Atlantis is attempting to engage this new generation of users and stay ahead of the technology market by launching a tablet and smartphone application this year that customers can use before, during and after their stay at the hotel.
“Once you’ve made a reservation and downloaded the application, even before you get here you have access to the hotel systems in terms of restaurants, spa, the nightclub, Water Park, dolphins – you’ll have all that information at your fingertips and if you want to book something you can use that application,” Tesfai says.
“We then transfer all that information using that application through the cloud into our systems so that you already know once you get here what your itinerary is. While you’re here, you can then use that application to order room service from anywhere and for any time, and also to start charging events and activities to your room,” he adds.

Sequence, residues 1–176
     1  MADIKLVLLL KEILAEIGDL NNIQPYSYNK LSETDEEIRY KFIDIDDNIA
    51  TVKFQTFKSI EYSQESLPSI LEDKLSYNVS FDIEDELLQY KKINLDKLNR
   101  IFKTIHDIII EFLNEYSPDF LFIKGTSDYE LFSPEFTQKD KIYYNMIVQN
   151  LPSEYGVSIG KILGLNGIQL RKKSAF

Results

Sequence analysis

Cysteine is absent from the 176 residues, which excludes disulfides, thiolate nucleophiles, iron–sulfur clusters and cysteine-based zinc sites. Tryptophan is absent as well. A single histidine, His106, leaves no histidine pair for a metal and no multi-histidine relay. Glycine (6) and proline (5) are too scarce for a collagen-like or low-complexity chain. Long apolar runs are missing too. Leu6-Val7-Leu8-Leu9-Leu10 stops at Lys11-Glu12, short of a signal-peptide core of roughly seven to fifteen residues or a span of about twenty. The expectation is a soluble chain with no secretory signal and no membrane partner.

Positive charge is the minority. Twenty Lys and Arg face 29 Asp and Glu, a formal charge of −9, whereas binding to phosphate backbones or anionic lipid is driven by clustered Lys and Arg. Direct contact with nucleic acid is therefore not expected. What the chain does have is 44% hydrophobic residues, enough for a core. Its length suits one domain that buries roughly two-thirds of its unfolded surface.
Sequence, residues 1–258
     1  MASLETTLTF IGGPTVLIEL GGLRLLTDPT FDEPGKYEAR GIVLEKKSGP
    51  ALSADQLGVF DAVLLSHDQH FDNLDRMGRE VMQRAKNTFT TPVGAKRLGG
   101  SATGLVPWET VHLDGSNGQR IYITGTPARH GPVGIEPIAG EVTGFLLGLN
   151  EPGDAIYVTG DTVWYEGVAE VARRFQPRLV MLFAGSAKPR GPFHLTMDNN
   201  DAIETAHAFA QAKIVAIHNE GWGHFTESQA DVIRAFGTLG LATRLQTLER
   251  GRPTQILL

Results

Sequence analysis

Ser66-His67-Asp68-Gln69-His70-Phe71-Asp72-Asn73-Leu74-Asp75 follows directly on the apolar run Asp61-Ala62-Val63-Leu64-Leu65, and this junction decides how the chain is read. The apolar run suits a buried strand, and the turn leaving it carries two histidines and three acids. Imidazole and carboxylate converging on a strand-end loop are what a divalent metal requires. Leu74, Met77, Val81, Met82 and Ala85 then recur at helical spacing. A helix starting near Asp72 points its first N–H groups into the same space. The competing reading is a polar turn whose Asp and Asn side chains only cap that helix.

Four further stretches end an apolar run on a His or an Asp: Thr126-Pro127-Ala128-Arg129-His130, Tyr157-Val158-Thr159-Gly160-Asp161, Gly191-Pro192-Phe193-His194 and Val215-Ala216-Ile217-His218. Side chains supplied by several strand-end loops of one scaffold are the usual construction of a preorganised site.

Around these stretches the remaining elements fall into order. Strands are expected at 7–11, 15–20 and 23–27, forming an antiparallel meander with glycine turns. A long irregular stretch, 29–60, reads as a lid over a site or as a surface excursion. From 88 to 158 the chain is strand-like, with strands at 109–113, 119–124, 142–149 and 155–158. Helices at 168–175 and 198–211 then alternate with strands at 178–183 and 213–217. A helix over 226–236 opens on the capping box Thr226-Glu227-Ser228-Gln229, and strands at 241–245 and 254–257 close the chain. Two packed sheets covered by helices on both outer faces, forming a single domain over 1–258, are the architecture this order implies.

As well as capitalising on the mobility trend, Tesfai says the IT team at Atlantis is keeping ahead by embracing other key trends such as virtualisation and cloud.
“We’ve done virtualisation of servers, now we’re going to head towards virtualisation of desktops and also possibly networking. Cloud is a great initiative. I love the fact that it’s available. We’re actually a cloud to some other properties that we manage and we use cloud applications that are based in the US, Europe and elsewhere to run our business,” he says.
“Our central reservation system sits in Florida so to us it’s in the cloud, but it’s an internal cloud. We also use external clouds with other applications and other ERP systems,” he adds.